The All-Girl Filling Station’s Last Reunion

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The All-Girl Filling Station's Last Reunion, Fannie Flagg, book reviewMrs. Earl Poole Jr., better known as Sookie, is almost 60 and still can’t get out from under her overpowering, and mentally unstable mother, Lenore Simmons Krackenberry. Lenore’s rich Simmons background and standing in the community is in a league of its own, and not one that Sookie ever felt comfortable in. But apparently, much of her family history was fiction. When Sookie finds out the truth as it applies to her in particular, it puts her into a tailspin, and takes her back to events in American history she never knew existed in a journey of discovery both of her own life and her heritage. This is Fanny Flagg’s The All-Girl Filling Station’s Last Reunion.

There are far few too authors out there that can make their readers laugh and cry at the same time. It is even rarer that the author can do this with just the right amount of wit and charm that grabs the reader’s attention from the first lines and pulls them in with characters that come alive, right off of the page. Fanny Flagg is certainly one of these exceptional authors, and with this new novel, she’s brought us that same amazing combination that we recall from “Fried Green Tomatoes at the Whistle Stop CafĂ©”. Here she brings in some of the characters she introduced to us in “Welcome to the World, Baby Girl” but this time instead of the ambitious television personality, Dena Nordstrom, we investigate one of Dena’s college friends, the quiet housewife, Mrs. Earl Poole Jr., better known as Sookie.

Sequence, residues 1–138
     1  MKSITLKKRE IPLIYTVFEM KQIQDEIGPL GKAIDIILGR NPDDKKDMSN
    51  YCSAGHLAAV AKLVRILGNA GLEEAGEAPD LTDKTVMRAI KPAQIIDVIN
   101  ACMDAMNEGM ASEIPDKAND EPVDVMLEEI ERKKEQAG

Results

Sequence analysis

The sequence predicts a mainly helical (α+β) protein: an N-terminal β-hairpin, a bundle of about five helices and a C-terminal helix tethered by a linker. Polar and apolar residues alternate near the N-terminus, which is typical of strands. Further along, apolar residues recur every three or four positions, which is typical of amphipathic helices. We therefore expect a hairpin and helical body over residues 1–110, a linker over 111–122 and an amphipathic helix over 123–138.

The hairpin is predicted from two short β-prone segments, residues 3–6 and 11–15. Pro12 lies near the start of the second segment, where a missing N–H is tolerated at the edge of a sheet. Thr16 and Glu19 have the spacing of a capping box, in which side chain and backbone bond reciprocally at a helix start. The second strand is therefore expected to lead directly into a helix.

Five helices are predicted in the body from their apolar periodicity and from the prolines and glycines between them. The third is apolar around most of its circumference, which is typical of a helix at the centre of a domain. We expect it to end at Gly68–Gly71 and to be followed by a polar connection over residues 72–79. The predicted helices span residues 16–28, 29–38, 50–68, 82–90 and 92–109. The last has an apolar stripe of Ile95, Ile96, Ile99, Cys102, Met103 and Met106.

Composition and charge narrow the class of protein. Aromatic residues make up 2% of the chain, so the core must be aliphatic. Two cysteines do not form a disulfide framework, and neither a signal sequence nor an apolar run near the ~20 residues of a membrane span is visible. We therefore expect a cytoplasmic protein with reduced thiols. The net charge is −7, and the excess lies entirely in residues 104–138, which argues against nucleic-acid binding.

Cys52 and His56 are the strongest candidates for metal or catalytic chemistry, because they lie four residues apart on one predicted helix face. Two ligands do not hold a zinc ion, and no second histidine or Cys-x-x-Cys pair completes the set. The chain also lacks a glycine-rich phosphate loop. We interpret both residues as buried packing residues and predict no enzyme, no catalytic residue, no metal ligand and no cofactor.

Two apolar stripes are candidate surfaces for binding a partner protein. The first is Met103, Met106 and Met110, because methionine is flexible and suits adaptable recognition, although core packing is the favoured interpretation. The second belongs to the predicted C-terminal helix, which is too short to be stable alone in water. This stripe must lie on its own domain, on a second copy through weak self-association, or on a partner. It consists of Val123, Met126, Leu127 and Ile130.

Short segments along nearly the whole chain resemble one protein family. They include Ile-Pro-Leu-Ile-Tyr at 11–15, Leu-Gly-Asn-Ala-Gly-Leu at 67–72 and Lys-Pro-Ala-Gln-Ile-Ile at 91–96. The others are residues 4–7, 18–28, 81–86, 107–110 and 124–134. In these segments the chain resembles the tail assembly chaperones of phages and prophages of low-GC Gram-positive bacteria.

Those familiar with Flagg’s work will know that “Welcome” was the first in her ‘Elmwood Springs’ novels. But this story takes place in two other locations – Point Clear Alabama in the 21st century, and Pulaski, Wisconsin in the middle of the 20th century. The story here is built across these different eras, by giving us few chapters in each of the different timeframes. At the same time, the story moves towards a definite meeting point, which is better left unsaid to avoid spoilers, despite us finding out about it quite early in the present-day story. And then, just when we’ve thought that the two tales have finally come together, Flagg gives us some extra twists. Yes, I did say “twists” in the plural, which would usually make me cringe in thinking that it was all just a bit much. But Flagg knows how to do it just so, and it ends up fully mirroring real-life.

One of the main elements that make this book so lovely is how Flagg builds her characters. I know I’ve used the term “wit and charm” before but this fits just as well here. Truly the place where Flagg casts her spell over her readers is by making all of her stories so perfectly character-driven. Flagg’s people just seem so alive and lively, even when they’re feeling down and sad or upset, that they’re almost touchable. And just when you think that the cleverness of the plot might edge them out, you’re drawn back to them with something odd or quirky that they do or say, and you suddenly realize you’d just adore the chance to give them hug and/or a good talking to!